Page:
2nd Danish Version of Qur’an Released
A second Danish translation of the meanings of the Holy Qur’an and the first by a non-Muslim has seen the light in
“I tried my best to translate the Qur’an,” Ellen Wulf, a PhD in Arabic language said.
“I’m not saying this is 100 per cent accurate and there might be some mistakes or vague meanings.”
Wulf said the translation was just a bid to introduce the Muslim holy book to Danes in a “simple and academic way.”
“Those who want to thoroughly and accurately understand the Qur’an must first learn Arabic, the language of the Muslim scripture,” she advised.
It took Wulf three years to get the mammoth task done. She depended on two translations of the meanings of the Holy Qur’an, a German and an English.
Wulf used communicative language though eloquent and expressive.
The publishing of the new translation, sponsored by a Danish businessman, was launched last week in a ceremony at the
Wulf said her translation was just the start. “Other accurate and more comprehensive translations could emerge in the future, but this is just a start and we still need to learn about the circumstances surrounding the revelation of Qur’an.”
Wulf sees no problem in a non-Muslim translating the Qur’an, saying this translation would be helpful for the new generations of Muslims in
The first translation was launched in 1967 by Abdullah Madsen. It drew much criticism because the author was influenced the Al-Ahmadiya school in addition to some linguistic mistakes.
Dutch Face-veil Ban Draws Fire
Dutch Muslims and opposition have accused the governing Christian Democratic Appeal (CDA) of trying to win scores with the right-wing electorate by pledging to ban the Muslim face-veil if re-elected on November 22.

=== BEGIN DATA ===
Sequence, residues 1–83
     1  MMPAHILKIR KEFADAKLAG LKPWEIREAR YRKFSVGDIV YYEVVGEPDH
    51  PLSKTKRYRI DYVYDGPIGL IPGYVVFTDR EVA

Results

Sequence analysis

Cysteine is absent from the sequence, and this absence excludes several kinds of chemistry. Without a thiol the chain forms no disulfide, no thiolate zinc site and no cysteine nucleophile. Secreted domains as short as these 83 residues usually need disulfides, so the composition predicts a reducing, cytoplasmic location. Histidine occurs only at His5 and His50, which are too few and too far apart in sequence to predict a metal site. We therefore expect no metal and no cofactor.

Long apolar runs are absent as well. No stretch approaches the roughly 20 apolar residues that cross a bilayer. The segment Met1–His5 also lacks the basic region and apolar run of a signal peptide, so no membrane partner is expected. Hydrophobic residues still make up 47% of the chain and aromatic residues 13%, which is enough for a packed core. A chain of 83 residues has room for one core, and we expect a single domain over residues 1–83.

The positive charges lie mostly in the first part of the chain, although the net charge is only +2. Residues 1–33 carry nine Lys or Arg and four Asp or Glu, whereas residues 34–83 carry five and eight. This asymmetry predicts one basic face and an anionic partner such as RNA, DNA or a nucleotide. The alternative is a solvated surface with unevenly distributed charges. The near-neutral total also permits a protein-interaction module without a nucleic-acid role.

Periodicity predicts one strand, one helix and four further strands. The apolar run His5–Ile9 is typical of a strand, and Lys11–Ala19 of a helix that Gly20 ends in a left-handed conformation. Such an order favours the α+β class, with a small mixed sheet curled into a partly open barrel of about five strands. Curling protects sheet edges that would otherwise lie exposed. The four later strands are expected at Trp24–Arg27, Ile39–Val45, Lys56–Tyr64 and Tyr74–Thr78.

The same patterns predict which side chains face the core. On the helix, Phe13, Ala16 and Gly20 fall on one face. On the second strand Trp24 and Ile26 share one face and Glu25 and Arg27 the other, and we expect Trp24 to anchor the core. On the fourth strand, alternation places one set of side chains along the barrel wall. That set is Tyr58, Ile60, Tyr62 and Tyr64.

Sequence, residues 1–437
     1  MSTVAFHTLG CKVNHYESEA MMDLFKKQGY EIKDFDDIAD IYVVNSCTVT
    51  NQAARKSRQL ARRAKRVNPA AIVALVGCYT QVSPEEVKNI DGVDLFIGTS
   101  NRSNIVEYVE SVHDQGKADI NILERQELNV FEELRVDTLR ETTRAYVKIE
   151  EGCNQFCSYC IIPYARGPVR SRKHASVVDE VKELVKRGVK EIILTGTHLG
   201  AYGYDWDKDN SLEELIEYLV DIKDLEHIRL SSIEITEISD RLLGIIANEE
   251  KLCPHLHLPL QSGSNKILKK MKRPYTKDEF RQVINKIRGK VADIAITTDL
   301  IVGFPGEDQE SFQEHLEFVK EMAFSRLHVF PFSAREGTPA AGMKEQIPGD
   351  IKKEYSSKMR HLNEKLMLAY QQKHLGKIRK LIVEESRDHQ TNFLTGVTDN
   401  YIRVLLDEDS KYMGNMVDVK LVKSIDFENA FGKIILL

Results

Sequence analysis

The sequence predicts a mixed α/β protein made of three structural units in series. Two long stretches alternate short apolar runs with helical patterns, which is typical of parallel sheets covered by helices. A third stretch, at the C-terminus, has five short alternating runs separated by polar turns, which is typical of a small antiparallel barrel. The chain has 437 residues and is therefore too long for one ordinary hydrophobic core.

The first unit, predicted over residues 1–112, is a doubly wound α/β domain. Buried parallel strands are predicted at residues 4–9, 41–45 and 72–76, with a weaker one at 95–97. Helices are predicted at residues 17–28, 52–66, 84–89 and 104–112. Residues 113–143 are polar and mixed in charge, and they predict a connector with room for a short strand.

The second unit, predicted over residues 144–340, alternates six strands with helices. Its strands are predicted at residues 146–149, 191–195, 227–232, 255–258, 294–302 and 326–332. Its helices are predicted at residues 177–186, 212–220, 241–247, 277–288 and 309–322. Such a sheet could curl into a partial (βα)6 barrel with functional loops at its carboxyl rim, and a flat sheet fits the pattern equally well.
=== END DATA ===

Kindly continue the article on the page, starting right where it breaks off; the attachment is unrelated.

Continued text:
“This is a big law for a small problem,” Ayhan Tonca of the Dutch Muslim Organisation (CMO) said on November 19.
Tonca said as few as 30 women of the one-million Muslim minority in the
Rita Verdonk, minister of immigration and integration, said the government would table a bill proposing a ban on the face-cover, describing it a threat to public order and safety.
“The ban would be imposed in public and ‘semi-public’ places such as schools, courts, ministries and trains,” her spokesman Martin Bruinsma was reported as saying on November 18.
Ahmed Markouch, a Moroccan mosques representative, predicted that the bill would go down badly with the country’s sizeable Muslim population, “because it comes from Verdonk, not because they are in favour of the burqa.”
“They are going to have to find a better argument than security. It is an infringement on the freedom of religion,” he said.
Leaders of the six-nation Gulf Cooperation Council will hold their next summit in Riyadh on December 9 and 10 to explore ways of further bolstering cooperation and take up joint stances on major regional and international issues, most importantly the Palestinian-Israeli conflict and Iraq’s security and territorial integrity.
Saudi King Abdullah is hosting the summit, the first such meeting held in
Foreign ministers of
Pentagon Devises ‘Hybrid’
A Pentagon ad hoc group reviewing the situation in